American Portraits

He Snatched Lightning from the Sky and the Scepter from Tyrants: Benjamin Franklin, the Kite Experiment, and Purpose

In this lesson, students will learn about the life and work of Benjamin Franklin and how it was shaped by his purpose. They will explore how his actions and his identity helped him achieve great discoveries in science and, through his example, learn how they can pursue their own purpose for the greater good of mankind.

Founding Principles

Individual Responsibility image

Individual Responsibility

Individuals must take care of themselves and their families and be vigilant to preserve their liberty.

Narrative

In June 1752, as the temperatures began to rise in Philadelphia, Franklin and his twenty-one-year-old son, William, assembled a kite made from a silk handkerchief and two wooden crossbars. They attached the kite to several hundred feet of twine, which had a silk ribbon with a metal key tied to it. After their kite was completed, they waited for a stormy day….

Narrative PDF

Compelling Question

How can Benjamin Franklin’s pursuit of his purpose inspire you to be faithful to your own purpose?

Virtue Defined

Purpose is my answer to the question “why do I exist?” It is the reason for which I exist; it is my goal, that thing to which my actions are directed. It is our answer to the question “what are you for?”

Lesson Overview

In this lesson, students will learn about the life and work of Benjamin Franklin and how it was shaped by his purpose. They will explore how his actions and his identity helped him achieve great discoveries in science and, through his example, learn how they can pursue their own purpose for the greater good of mankind.

Objectives

  • Students will analyze Benjamin Franklin’s drive to experiment and discover things about the world around him.
  • Students will understand how they can pursue their purpose in their own lives.
  • Students will apply this knowledge to discover, understand, and pursue their own purpose.

Background

Benjamin Franklin, a Philadelphia printer, dedicated himself to his civic community. In 1748, at the age of forty-two, he had built up enough wealth and annual income to retire from printing and devote himself to the study of science and public service. He served in numerous important capacities as a member of the Continental Congress, diplomat to France during the Revolutionary War, and a delegate to the Constitutional Convention.

The entire time he was in politics, however, he was also thinking and tinkering. He rarely let an idle hour pass. As a result, he made numerous lasting discoveries and inventions, the most significant and well-known of which was his work on the lightning rod. Franklin’s scientific advances and public service helped sweep in revolutionary changes in the age of Enlightenment. He diligently pursued his purpose of serving others and attained remarkable achievements in his life. Noting his lifelong contributions to science and politics, the French scientist Turgot wrote of Franklin, “He snatched lightning from the sky and the scepter from tyrants.”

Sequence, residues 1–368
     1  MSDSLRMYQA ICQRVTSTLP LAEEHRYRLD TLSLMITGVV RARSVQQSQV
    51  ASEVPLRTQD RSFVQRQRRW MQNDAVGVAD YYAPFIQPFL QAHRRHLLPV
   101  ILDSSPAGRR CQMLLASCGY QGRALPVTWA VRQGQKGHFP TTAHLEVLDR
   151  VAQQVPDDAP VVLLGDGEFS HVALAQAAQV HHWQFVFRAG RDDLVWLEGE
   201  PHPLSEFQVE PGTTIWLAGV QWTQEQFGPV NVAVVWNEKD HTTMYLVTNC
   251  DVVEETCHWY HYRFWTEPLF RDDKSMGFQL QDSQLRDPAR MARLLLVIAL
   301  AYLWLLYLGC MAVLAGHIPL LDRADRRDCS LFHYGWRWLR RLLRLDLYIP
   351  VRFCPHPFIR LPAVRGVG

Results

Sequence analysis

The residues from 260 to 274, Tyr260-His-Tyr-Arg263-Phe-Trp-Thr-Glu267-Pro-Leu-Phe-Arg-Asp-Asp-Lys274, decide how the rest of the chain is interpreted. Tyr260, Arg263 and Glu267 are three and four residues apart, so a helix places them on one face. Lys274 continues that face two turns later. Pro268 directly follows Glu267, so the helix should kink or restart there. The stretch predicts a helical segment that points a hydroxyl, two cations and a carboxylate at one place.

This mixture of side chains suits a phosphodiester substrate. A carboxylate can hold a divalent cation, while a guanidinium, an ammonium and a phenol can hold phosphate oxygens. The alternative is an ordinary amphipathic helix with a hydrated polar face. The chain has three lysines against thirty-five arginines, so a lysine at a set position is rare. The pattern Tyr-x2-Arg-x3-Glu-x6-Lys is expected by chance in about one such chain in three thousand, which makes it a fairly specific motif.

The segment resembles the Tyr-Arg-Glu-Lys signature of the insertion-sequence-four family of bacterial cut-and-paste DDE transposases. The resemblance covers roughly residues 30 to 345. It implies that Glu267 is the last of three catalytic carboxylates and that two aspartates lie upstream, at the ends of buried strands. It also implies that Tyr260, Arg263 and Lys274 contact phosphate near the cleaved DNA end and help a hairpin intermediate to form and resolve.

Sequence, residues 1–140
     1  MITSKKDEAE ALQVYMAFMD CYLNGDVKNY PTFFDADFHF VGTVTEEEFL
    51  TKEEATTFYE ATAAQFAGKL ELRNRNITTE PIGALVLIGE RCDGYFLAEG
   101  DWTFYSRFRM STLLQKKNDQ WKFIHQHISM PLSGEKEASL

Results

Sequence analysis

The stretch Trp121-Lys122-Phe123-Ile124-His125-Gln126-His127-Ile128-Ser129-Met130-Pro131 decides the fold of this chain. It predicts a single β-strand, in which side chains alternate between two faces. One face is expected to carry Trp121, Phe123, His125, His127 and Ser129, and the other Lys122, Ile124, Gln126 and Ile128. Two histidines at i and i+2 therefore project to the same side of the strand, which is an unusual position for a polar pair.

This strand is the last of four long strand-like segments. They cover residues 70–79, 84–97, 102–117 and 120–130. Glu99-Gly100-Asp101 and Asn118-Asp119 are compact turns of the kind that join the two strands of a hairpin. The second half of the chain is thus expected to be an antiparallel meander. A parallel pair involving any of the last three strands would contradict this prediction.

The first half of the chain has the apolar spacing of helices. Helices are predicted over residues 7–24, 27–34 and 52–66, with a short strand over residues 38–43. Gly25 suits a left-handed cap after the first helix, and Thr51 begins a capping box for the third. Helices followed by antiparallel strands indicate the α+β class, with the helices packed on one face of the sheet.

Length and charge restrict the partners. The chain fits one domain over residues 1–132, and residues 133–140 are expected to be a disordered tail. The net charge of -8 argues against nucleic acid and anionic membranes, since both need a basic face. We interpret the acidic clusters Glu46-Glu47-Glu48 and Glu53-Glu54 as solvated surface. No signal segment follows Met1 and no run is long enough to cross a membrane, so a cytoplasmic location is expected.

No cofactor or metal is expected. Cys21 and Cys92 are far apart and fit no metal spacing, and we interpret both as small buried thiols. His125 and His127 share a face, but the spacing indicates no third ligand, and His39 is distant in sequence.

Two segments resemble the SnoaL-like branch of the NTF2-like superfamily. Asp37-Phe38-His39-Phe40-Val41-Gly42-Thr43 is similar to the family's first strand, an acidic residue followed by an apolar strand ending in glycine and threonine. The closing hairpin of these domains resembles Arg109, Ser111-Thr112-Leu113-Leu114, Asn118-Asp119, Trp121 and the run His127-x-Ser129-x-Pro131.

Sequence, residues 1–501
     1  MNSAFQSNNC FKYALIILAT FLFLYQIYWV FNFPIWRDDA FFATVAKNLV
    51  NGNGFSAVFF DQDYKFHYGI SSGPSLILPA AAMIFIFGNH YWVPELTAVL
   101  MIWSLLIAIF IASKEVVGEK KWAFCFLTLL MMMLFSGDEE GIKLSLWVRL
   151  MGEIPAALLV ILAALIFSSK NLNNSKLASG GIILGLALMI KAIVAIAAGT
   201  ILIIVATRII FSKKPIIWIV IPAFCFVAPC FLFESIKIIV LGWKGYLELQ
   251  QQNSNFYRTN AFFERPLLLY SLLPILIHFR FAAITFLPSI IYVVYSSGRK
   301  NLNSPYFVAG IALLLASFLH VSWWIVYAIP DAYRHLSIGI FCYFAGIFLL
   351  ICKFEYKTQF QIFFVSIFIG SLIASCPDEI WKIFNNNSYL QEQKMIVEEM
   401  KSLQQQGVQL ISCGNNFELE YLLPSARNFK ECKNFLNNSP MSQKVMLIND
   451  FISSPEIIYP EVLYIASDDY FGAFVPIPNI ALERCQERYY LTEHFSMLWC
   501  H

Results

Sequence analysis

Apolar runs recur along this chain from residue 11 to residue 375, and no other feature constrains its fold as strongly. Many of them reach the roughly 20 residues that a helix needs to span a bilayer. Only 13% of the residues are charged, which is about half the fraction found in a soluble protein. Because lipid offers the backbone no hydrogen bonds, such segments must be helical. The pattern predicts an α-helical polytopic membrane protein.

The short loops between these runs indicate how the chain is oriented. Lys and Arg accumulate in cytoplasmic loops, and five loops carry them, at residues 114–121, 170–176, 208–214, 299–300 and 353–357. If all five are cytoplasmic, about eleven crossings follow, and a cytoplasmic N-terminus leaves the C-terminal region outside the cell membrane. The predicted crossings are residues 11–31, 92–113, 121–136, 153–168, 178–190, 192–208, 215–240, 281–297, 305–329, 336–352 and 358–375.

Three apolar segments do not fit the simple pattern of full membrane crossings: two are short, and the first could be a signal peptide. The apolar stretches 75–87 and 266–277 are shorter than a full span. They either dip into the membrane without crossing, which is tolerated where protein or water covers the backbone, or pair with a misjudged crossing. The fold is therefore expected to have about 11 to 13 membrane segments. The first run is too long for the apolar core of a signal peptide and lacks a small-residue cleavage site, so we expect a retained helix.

Vocabulary

  • Capacities
  • Tinkering
  • The Enlightenment
  • Scepter
  • Discernable
  • Idle
  • Theoretical
  • Mischief

Introduce Text

Have students read the background and narrative, keeping the Compelling Question in mind as they read. Then have them answer the remaining questions below.

For more robust lesson treatment, check out our partners at the Character Formation Project

Visit Their Website

Questions

Walk-In-The-Shoes Questions
As you read, imagine you are the protagonist.

  • What challenges are you facing?
  • What fears or concerns might you have?
  • What may prevent you from acting in the way you ought?

Observation Questions

  • Other than a Founding Father, a printer, and a businessman, what did Benjamin Franklin consider himself to be?
  • Why did Franklin fly a kite in a thunderstorm?
  • What responsibility did Franklin feel toward his community? How did this shape his purpose in his political and scientific life?

Discussion Questions
Discuss the following questions with your students.

  • What is the historical context of the narrative?
  • What historical circumstances presented a challenge to the protagonist?
  • How and why did the individual exhibit a moral and/or civic virtue in facing and overcoming the challenge?
  • How did the exercise of the virtue benefit civil society?
  • How might exercise of the virtue benefit the protagonist?
  • What might the exercise of the virtue cost the protagonist?
  • Would you react the same under similar circumstances? Why or why not?
  • How can you act similarly in your own life? What obstacles must you overcome in order to do so?

Additional Resources

  • Brands, H.W. The First American: The Life and Times of Benjamin Franklin.  New York: Anchor, 2000.
  • Chaplin, Joyce. The First Scientific American: Benjamin Franklin and the Pursuit of Genius. New York: Basic, 2007.
  • Cohen, Bernard I. Benjamin Franklin’s Science. Cambridge: Harvard University Press, 1996.
  • Dray, Philip. Stealing God’s Thunder: Benjamin Franklin’s Lightning Rod and the Invention of America. New York: Random House, 2005.
  • Isaacson, Walter. Benjamin Franklin: An American Life.  New York: Simon and Schuster, 2003.
  • Lemay, J.A. Leo and P.M. Zall, eds. Benjamin Franklin’s Autobiography. New York: Norton, 1986.
  • Lopez, Claude-Anne and Eugenia W. Herbert. The Private Franklin: The Man and His Family. New York: Norton, 1975.
  • Morgan, Edmund S. Benjamin Franklin.  New Haven: Yale University Press, 2002.
  • Van Doren, Carl. Benjamin Franklin.  New York: Penguin, 1991.
  • Wood, Gordon S. The Americanization of Benjamin Franklin. New York: Penguin, 2004.

Give Feedback

Send us your comments or questions using the form below.
  • This field is for validation purposes and should be left unchanged.
Close